Of course a gallery isn’t just walls. In fact the walls are the least important part of a gallery. Anyone can rent a building or a storefront and paint the walls white. It’s the person running the gallery that’s the most important part, and that person’s artistic vision, for lack of a better phrase, and their connections and ability to sell things. A good gallery owner is a people person, a good seller of anything is a people person. And for artists who aren’t necessarily good around other humans, or not into the commerce side of art, a good gallery owner is really a necessity. And if the gallery is well known or respected, some of that respect transfers to the artists who show at the gallery, so there are plenty of potential benefits to the artist in the arrangement. I still don’t think the balance is correct, that 50/50 split – there aren’t many things you can sell and keep half the money…the person selling you your Subaru or Audi ain’t getting half of that money – but that’s the way it is in the art world. Ho hum, no one cares so why should I? I’m not an artist. I don’t hang things in galleries. I mean I physically hang things in galleries sometimes, with a hammer and a level and some nails. So I guess I don’t care. If Carol is okay with it, then it’s none of my business.

But like selling almost anything, there are a bunch of people who get paid when an artist makes a painting and sells it. And don’t get me started on auction houses. You’re going to do it anyway, aren’t you? You’re going to get me started on auction houses. You bastard. Well, if a good gallery owner has to be a good hustler and con artist and shyster, and I say that with all due love and respect, then what does an auction house have to be? Nothing. Nothing is the answer. An auction house does virtually nothing but gather a crowd that’s interested in a certain kind of thing and then sell that thing to them. How much is that worth? Realistically. But if you’ve ever bought art or books or an old baseball glove from an auction house you know that there is what’s called a “buyer’s premium” which is a fee added on to the final price that the auction ends at. So if you buy a painting for a thousand dollars, you really pay $1250. The “buyer’s premium” is typically 20 to 25%, and on really expensive items it applies in increasingly lower tiers, but at the end of the day it’s just a place charging you 25% – I was going to say, for some white walls like a gallery, but they don’t even have that.

But wait, if that sounds like a lot, check this out – most auction houses also have a “seller’s premium.” That’s right, they tack an additional 20 or 25% on to the sale price for the buyer, but they also charge the seller about 20% of that sale price. So if I open up mjp auctions and I can sell a painting for $100,000, I’m going to make $45,000 on that sale. because I’m taking $125,000 from the buyer and giving $80,000 to the seller. Pretty sweet deal, isn’t it. Now make that a million dollar painting or a fifty million dollar painting and you’re talking about real money. I know there’s infrastructure. I know businesses don’t run on good vibes and fresh air. But what’s a fair sucker tax on something like a painting or a book that you sell for someone? The auction house is just a middleman in a transaction after all, so what’s a fair fee for that? It sure as hell isn’t 45% or 40 or 30 or even 20, I don’t think. But such is the world, and everyone just says, “Well, that’s how it works,” and so it works that way. because we let it.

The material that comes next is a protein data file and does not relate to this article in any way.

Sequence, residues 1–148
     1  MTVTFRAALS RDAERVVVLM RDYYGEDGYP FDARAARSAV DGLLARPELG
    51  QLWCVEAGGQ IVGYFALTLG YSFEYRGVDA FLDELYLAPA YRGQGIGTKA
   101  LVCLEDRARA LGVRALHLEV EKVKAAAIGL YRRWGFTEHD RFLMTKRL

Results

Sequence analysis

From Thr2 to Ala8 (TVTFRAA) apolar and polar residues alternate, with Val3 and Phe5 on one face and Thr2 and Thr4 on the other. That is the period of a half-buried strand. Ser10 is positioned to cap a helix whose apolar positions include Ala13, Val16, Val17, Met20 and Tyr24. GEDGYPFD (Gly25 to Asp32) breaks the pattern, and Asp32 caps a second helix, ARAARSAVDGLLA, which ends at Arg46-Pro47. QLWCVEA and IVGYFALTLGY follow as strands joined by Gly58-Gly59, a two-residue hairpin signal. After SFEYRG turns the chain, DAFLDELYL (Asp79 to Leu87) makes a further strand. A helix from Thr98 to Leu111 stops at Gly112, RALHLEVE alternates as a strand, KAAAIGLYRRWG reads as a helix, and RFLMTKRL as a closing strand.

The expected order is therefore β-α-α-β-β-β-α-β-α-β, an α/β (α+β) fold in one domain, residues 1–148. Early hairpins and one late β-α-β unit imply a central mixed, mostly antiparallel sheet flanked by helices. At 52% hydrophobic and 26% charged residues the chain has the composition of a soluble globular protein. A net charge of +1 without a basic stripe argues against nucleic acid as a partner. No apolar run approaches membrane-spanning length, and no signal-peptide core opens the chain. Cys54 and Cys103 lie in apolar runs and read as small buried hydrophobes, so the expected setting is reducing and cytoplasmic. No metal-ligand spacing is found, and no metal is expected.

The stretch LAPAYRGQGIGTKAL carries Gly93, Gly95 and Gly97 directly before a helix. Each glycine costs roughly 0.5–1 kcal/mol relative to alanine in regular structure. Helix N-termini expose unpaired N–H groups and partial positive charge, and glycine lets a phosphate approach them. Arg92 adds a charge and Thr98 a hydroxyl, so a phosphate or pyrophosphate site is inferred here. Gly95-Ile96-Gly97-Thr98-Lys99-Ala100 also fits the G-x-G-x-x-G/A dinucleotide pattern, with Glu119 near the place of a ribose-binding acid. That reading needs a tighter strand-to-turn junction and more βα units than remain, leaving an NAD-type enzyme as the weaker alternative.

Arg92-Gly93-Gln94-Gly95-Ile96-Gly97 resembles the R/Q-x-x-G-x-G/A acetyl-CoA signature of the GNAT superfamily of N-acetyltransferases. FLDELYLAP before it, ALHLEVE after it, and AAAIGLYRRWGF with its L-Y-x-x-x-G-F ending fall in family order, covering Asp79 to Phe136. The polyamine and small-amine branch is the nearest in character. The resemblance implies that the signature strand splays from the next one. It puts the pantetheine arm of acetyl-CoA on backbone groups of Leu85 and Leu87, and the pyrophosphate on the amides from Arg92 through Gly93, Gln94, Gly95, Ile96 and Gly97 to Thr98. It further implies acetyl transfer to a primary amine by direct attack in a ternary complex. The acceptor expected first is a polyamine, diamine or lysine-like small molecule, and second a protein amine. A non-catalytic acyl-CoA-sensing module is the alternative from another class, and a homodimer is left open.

Well, artists gotta eat, man. So art and commerce are always going to have to collide somewhere. It’s just the way everything works. You got no money, you get no soup. But I think for a creative person who can deal with commerce, we’re at the doorstep of a pretty great new era, when you can make connections directly instead of through a middleman, whether that middleman is a gallerist, and auction house or a web site operator. The same way we’ve talked about the selling of music changing before. Artist to consumer, everyone’s happy. Well everyone except the out of work middlemen. But they don’t have to worry too much, especially where art is concerned, because an art gallery isn’t just a place with art hanging up, it’s kind of a social destination, especially on the opening nights, and you can’t do that on the Internet. You can’t gag on cheap, acidic wine or sardine yourself into a room with a hundred hipsters sweating and screaming conversations at each other over the Internet. Not yet anyway, but I’m sure one day they’ll be able to replicate the experience of a gallery opening via computer in your house. You’ll have something like Temple Grandin’s “hug machine” in your closet and you’ll just get in there with a $2 bottle of wine and some kind of helmet…